Has, by executive order, ended deportation and guaranteed work permits to those brought as minors to the US.  Has sought clearer paths for illegal immigrant acquisition of citizenship.  A record number of illegal immigrants have been deported under his presidency.
Supports the DREAM Act.
Favors a border fence along the Mexican border.  Opposes granting legal status for illegal aliens in college (DREAM), but supports it for those serving in the military.  Favors an immigrant status system and punishments for employers of illegals who did not attempt to confirm their status.
Iran
Opposes a first-strike on Iran but maintains option as viable if Iran demonstrates nuclear capability.  Has begun trying to frame negotiations along similar lines to those with North Korea, now using the P5+1 multilateral model, forcing Iran to negotiate with the US, PRC, France, Russia, UK, and Germany simultaneously.   
Seems more aggressive towards Iran, but without any concrete statements as such.  Would allow Israel to deal with Iran without repercussions.
Iraq
Successfully completed Petraeus’ plan developed and begun in late Bush administration, including withdrawal.  Key failure is the inability to establish a Status of Forces Agreement which would have left 5000-odd US troops in situ – fell apart because US demanded legal immunity for its troops. 
Has been critical of lack of a Status of Forces Agreement.
Israel
Opposes continued construction of internationally unrecognized settlements in Palestinian territories; insists 1967 borders be respected; reiterates all traditional support of Israel and has offered no changes in policy, military and financial, and has pledged support to Israel in the event of a war with Iran, no matter who initiates it.  
Closely associates himself with Israeli hardliners; seems willing to oppose the current international agreement on returning to the 1967 borders. Plans to move the US embassy to Jerusalem if elected.  Supports Israel’s right to preemptively strike Iran.
Libya
Committed air forces to support Libyan uprising, maintains support for new regime despite the Benghazi crisis.
Claims high-level malfeasance in the Benghazi crisis. 
Military (General)
Endorses a plan, developed with both major parties in Congress, to decrease total manpower in the Army and Marines over a 10-year period.
Propose a substantial increase in military spending on the order of $100billion/year by 2016, focusing this income on warship development and troop strength. Has criticized Congressional Republicans for risking military funding by being uncooperative on budgetary matters.
Primary & Secondary Education
Through executive order suspended least popular elements of No Child Left Behind and established the Race to the Top grant program.
Supports both Bush’s No Child Left Behind and Obama’s Race to the Top grant program.  Seeks to support “parental choice” programs (voucher programs).
Russia
Only significant win in policy vis-à-vis the Russians is a new arms limitation treaty.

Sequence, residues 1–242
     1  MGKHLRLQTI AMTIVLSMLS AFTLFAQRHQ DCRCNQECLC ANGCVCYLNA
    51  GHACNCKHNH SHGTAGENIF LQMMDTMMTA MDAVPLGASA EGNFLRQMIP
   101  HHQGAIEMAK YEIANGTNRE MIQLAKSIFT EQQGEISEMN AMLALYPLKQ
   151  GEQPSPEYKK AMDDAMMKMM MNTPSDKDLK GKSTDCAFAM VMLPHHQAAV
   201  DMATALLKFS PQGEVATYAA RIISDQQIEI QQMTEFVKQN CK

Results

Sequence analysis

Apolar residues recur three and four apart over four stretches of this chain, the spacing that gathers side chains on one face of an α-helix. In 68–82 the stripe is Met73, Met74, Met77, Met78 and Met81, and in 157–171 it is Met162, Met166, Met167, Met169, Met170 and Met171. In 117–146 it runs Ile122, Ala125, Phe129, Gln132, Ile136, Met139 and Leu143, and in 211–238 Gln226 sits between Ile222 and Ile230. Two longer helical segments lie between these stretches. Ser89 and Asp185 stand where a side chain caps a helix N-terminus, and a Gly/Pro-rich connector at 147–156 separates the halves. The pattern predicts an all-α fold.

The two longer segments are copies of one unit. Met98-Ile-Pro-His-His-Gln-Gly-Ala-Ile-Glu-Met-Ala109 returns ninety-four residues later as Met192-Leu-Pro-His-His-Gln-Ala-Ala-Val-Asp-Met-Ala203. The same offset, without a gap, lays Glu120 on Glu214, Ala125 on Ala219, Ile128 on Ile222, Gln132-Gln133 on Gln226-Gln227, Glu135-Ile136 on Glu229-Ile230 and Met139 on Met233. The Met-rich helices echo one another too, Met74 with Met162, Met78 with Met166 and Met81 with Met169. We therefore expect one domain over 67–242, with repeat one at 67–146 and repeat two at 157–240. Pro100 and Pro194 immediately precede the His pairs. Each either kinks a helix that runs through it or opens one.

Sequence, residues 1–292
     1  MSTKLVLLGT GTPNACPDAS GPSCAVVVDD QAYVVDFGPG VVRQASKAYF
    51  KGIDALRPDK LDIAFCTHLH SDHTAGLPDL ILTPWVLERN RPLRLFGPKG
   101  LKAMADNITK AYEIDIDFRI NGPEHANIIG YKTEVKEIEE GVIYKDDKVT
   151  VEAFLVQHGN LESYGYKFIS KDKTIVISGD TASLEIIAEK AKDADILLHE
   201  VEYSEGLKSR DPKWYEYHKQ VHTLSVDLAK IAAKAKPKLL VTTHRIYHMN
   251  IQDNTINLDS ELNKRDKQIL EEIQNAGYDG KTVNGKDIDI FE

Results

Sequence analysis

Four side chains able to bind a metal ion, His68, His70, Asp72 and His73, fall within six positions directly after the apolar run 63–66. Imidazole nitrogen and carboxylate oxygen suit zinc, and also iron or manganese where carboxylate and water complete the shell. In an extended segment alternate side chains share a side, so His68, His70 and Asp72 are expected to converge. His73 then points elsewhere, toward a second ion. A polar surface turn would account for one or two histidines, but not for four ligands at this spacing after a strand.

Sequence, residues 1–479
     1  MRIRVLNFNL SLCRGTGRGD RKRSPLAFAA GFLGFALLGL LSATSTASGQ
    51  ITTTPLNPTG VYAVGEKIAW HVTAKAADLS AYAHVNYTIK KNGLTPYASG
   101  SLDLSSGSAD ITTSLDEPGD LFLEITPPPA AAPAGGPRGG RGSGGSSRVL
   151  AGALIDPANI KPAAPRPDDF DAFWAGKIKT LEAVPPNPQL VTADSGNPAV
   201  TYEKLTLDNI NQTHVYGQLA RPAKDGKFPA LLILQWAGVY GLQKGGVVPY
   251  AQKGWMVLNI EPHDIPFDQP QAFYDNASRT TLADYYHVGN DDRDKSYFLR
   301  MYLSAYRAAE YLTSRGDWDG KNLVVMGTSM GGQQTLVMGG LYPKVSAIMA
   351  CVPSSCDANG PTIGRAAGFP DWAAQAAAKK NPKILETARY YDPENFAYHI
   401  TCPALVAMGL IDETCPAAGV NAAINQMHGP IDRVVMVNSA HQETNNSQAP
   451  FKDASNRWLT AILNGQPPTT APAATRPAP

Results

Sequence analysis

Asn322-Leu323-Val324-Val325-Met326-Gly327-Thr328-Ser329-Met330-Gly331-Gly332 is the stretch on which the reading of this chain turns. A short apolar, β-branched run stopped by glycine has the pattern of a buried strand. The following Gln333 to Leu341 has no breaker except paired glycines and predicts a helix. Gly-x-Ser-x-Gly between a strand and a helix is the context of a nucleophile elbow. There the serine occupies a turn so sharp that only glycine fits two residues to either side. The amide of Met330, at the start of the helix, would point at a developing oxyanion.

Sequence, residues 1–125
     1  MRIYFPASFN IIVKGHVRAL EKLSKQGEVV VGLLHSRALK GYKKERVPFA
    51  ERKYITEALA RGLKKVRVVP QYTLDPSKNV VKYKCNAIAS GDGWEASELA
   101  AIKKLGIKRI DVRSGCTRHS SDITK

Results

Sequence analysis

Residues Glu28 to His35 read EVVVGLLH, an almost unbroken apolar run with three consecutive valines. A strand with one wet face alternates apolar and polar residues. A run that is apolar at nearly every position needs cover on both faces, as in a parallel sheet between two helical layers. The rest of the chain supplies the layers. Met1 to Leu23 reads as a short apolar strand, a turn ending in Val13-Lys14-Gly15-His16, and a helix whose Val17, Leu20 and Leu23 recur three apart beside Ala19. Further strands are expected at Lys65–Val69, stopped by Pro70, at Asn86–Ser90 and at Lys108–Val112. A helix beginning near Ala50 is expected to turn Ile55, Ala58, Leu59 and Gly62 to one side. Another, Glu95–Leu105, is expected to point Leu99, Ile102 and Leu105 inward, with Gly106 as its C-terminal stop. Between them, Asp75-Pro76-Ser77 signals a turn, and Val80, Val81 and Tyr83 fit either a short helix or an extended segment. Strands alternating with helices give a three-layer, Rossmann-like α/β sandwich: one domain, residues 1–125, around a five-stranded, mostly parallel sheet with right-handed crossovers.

Has openly asserted Russia to be our greatest geopolitical threat. Seeks the renewal of START negotiations.
Social Security
Inadequate long-term plan; some inflationary adjustments.
Seeks status quo for those 55 and above but seeks to raise the retirement age for those under that age and decrease benefits along a progressive plan, though the degree to which is unclear.
Sub-Saharan Africa
Has slightly increased funding for research and healthcare since the Bush years.
Insists the US must become more aggressive with regards to American interests in Africa, particularly in response to growing influence of China.
Syria
Has called for the Assad to leave office. Has declined to commit military forces to support resistance.  Pursues international consensus against Syria though Russo-Syrian and, secondarily, Iran-Syrian alliances likely will prevent this.  
Wishes to find and unite pro-American forces amongst the Syrian opposition and funnel, using intelligence assets, weapons to them.  Won’t rule out military options without interstate support.
Taxation
Seeks to extend Bush-era tax cuts for individuals making less than $200,000 and couples making less than $250,000.
Wants to extend Bush-era tax cuts and cut income taxes an additional 20%, end capital gains taxes for families making less than $200,000, cut corporate tax rates from 25% to 35%, and compensate by closing loopholes in the code, but has failed to describe which loopholes.
Terrorism
Ended Bush-era policies legitimating “enhanced interrogation,” a euphemism for torture.  Failed to end most Bush-era policies otherwise that he insisted he would end, including closing the Guantanamo detention centers. Has expanded use of drones against cells in southwest Asia.  
Insists foreign terrorism suspects have no constitutional rights.  Accepts the validity of at least some “enhanced interrogation.”
Tertiary Education
Has supported substantial increases in available funding for individual students, both positive (grants, etc.) and negative (tax breaks).
Seeks a freeze on Federal funding for tuition (arguing that increases result in more rapid tuition inflation) and the
Unemployment
Supports both private and corporate stimuli and has used both. 

Note: Inherited and has not alleviated persistently high Bush unemployment levels of around 8% (claimed).
Favors a trickle-down model, cutting corporate and high-income taxes.  Favors decreased regulation, including health, welfare, and environmental. Emphasizes balanced budget plan which, however, lacks details.


Okay, so that is a solid start, I think (hope) we can all agree. But, something else of note - there are other issues - I want to suggest to two things.  First, if you don't see the issues that matter most to you, please, consider looking at the candidates' official platforms on their respective websites - Mr. Obama's here and Mr. Romney's here.  Secondly, if you still don't feel like you know enough, or you feel that you need further elaboration, please, let me know on the bounce - I'll do my best to help you find what you need.


Sources: 

“Obama, Romney Poles Apart on Domestic Issues.” Voice of America. 

“Obama and Romney on the Issues.” The Wall Street Journal. 

“Where Obama and Romney Stand on Big Issues.” ABC News.